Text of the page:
1. smokeymcpot1988 Senior Member

    England
    English (UK)
    J'essaye de traduire un article de la cuisine.

    Comment dit-on en anglais:
    Je privilégie une préparation avec peu de graisse (poêle antiadhésive, cuisson à la vapeur, à l'étuvée, etc)

    Je pense que ce serait:
    I favour food which is prepared with little oil (??:confused:??, steam cooked, grilled:confused: etc),

    c'est ok? or loin du parfait?

    merci pour votre aide.
     
  2. bobepine

    bobepine Senior Member

    Canada, English & French
    J'aurais tendance à dire in a non-stick pan.
     
  3. wildan1

    wildan1 Moderando ma non troppo

    no-stick frying pan/skillet
    or
    teflon frying pan (nom d'une marque devenue synonyme de "no-stick")
     
  4. SwissPete

    SwissPete Senior Member

    94044 USA
    Français (CH), AE (California)
    non-stick pan

    EDIT: wildan1, je me demandais justement si teflon a subi le même sort que kleenex and xerox... :)
     
  5. Khandoma

    Khandoma Senior Member

    Paris
    French (France)
    Je dirais :

    I favour methods that use little amounts of fat : non-stick pan, steam, closed-lid etc.

    "fat" plutôt que "oil", à cause du beurre
    "étuvée" : cooking over low heat with little butter / oil and a closed lid that keeps the steam in. literally, "smothered"
     
  6. doinel

    doinel Modlife crisis

    Southern France
    France French
    John Gotti, a mobster was nicknamed Teflon Don, after a long series of acquittals. Nothing would stick...
     
  7. RennieViolet Senior Member

    Montréal, QC, Canada
    English - U.S.
    I like Khandoma's suggestion, except that I would leave out "amounts of", which seems awkward. And being American I say favor. =P

    Or you could say "I favor low-fat cooking methods:"
     
  8. wildan1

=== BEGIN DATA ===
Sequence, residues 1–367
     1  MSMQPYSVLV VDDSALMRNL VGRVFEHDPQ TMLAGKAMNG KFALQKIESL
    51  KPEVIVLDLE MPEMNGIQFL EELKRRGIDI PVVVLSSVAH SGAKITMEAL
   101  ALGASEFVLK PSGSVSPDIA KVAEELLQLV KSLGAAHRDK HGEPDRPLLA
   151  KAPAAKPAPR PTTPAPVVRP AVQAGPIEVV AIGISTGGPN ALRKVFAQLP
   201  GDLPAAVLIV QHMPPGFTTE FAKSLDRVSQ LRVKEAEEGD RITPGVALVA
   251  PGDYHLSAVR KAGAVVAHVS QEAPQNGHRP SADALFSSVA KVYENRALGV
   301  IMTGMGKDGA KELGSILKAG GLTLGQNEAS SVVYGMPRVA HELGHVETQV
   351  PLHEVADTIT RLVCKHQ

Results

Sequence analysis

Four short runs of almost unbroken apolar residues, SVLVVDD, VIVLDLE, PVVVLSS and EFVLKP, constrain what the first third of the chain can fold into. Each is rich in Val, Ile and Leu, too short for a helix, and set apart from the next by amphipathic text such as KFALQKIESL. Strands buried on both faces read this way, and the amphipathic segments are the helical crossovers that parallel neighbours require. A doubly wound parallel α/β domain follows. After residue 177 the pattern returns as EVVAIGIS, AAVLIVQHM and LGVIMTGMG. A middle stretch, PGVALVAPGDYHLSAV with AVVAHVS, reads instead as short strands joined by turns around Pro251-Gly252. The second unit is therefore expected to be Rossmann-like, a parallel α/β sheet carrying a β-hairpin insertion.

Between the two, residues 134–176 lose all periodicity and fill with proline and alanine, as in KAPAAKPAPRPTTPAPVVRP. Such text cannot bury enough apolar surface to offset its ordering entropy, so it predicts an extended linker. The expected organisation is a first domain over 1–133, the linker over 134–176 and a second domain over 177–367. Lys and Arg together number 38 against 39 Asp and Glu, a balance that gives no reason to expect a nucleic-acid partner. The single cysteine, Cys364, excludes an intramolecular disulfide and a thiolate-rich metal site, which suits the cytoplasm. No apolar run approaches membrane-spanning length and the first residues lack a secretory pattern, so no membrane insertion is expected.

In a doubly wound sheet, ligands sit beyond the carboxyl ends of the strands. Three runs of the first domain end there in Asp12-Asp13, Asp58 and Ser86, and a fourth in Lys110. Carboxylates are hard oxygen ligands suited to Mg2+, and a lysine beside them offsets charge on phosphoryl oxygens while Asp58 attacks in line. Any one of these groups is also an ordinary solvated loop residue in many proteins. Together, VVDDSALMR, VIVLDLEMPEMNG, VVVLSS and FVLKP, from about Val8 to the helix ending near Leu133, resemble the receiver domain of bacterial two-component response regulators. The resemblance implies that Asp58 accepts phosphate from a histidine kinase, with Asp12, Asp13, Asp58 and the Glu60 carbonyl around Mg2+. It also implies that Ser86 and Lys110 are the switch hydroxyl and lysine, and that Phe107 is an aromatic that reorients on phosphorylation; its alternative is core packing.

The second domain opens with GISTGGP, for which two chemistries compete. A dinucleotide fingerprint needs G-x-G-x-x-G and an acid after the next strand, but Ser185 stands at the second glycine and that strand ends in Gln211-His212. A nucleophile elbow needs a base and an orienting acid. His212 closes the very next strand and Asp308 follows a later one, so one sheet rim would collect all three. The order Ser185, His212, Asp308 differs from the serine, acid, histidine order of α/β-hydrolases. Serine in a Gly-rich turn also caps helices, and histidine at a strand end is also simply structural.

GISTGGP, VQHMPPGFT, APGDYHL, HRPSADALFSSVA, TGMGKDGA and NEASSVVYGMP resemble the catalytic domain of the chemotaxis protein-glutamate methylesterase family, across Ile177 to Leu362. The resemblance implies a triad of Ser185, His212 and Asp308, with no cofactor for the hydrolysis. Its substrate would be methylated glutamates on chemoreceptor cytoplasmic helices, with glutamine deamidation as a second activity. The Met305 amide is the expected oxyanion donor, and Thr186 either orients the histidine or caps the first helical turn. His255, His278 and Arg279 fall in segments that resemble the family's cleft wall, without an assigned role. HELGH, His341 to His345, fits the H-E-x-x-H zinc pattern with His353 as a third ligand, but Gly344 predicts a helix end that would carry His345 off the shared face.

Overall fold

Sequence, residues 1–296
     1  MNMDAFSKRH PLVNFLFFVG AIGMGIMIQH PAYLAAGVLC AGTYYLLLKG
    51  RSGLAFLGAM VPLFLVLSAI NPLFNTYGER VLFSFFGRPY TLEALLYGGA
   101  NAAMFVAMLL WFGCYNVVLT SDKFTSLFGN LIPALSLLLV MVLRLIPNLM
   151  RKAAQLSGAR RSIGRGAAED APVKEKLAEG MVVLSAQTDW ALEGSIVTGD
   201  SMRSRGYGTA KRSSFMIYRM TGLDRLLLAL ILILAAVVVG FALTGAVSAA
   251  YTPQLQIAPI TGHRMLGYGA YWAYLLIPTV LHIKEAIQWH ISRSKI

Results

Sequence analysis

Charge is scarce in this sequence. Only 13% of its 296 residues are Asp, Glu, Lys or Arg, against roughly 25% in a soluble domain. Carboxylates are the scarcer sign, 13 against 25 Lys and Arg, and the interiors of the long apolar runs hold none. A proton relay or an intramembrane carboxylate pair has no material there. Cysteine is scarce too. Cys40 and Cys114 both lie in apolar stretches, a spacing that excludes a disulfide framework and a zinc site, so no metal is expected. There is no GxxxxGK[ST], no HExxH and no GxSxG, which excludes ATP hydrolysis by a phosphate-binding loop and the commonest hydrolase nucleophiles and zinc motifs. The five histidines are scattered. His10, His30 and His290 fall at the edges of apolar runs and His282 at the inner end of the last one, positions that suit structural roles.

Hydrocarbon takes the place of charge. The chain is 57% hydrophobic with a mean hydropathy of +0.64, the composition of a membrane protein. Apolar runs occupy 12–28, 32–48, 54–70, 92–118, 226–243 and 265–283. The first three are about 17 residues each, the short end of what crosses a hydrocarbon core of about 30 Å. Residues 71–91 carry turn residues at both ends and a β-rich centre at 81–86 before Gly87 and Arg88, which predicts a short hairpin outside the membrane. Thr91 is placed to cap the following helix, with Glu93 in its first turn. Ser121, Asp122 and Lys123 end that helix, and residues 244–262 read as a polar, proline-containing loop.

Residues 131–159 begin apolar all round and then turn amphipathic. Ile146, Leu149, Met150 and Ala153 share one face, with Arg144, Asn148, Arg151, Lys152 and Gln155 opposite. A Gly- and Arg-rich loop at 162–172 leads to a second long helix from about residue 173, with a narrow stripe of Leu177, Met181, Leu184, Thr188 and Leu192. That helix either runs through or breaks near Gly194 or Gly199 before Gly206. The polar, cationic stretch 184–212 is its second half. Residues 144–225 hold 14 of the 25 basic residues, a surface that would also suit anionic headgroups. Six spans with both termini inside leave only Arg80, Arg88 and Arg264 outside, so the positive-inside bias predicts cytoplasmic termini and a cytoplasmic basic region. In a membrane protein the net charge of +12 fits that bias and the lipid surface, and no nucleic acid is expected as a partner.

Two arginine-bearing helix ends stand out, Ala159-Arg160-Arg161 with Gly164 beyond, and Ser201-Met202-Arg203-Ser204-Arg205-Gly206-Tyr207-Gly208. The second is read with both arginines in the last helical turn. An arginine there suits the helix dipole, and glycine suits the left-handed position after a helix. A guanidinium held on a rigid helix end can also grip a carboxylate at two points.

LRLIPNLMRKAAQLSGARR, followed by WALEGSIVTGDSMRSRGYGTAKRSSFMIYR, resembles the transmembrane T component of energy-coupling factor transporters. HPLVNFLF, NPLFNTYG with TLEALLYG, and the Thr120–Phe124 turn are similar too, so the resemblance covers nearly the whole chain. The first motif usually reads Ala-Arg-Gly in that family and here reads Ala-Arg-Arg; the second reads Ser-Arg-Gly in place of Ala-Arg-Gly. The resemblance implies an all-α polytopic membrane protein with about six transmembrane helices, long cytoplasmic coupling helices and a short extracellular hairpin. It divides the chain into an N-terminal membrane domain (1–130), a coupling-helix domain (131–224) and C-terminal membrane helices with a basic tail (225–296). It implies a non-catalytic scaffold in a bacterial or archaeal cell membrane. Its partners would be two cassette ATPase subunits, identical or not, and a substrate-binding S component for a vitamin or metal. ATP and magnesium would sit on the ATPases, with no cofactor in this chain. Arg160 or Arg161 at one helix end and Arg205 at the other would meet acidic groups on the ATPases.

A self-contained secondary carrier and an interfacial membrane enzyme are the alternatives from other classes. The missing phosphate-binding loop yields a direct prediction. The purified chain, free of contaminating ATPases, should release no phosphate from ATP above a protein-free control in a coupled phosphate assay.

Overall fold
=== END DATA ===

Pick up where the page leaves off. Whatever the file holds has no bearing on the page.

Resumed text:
wildan1 Moderando ma non troppo

    à l'étuvée = braised
     
  9. Khandoma

    Khandoma Senior Member

    Paris
    French (France)
    RennieViolet : Could you say "low- or non-fat cooking methods" ?
    Because in steaming there is no fat at all.
    Wildan, I'm pretty sure "braised" is "braisé", which implies more fat.
     
  10. smokeymcpot1988 Senior Member

    England
    English (UK)
    thanks for all the help and the joke too.

    Doinel... c'est comme Antoine Doinel dans les 400 coups? cette film était super! je l'ai choisi pour mon mémoire!!
     
  11. wildan1

    wildan1 Moderando ma non troppo

    Braised in English means it is cooked with a lid on and very little liquid in the pan.

    How "low-fat" the dish is all depends how much fat you choose to put in the pan.
     
  12. Khandoma

    Khandoma Senior Member

    Paris
    French (France)
    There you go then - how can you trust a country that uses the same word for different amounts of fat ? :D

    According to writer Patricia Wells, who keeps a rather decent cooking glossary, "braised" is indeed "braisé" :
    Braiser: to braise; to cook meat by browning in fat, then simmering in covered dish with small amount of liquid.
    étuvé: method of cooking very slowly in a tightly covered pan with almost no liquid.

    The difference is clear, and "braised", because of the fat, would not work for the OP's sentence.
     
  13. wildan1

    wildan1 Moderando ma non troppo

    Patricia Wells is indeed a well-known author on French cooking.

    the problem with à l'étuvée is that it is a French term that is very little known by English-speakers other than those who are French foodies.

    So we live with saying "braised" for everything cooked with a lid on it, and add "but it has very little fat."
     
  14. FanduCanadien

    FanduCanadien Senior Member

    Victoriaville, Québec, Canada
    Français - Québec
    According to my French-English dictionary, étuvée (cuisson à l') means steaming. So, cuisson à l'étuvée et cuisson à la vapeur mean the same thing.
     
    Last edited: Sep 21, 2009
  15. Khandoma

    Khandoma Senior Member

    Paris
    French (France)
    :) Actually, they don't. Steaming is just a lazy way of translating "à l'étuvée" which, as you can tell, has no direct English translation.

    Cuisson à la vapeur : the steam comes from boiling water in a pot placed under the pot where your food is cooked. The upper pot has holes in the bottom to let the steam through.

    In étuvée, the steam comes from the one pot in which you cook the food.

    And braisée / braised implies fat. Whereas étuvée can use no fat at all but broth or water instead.
     
  16. FanduCanadien

    FanduCanadien Senior Member

    Victoriaville, Québec, Canada
    Français - Québec
    Thanks for the explanation Khandoma. Yes, as you say, it's a lazy way of translating.
     

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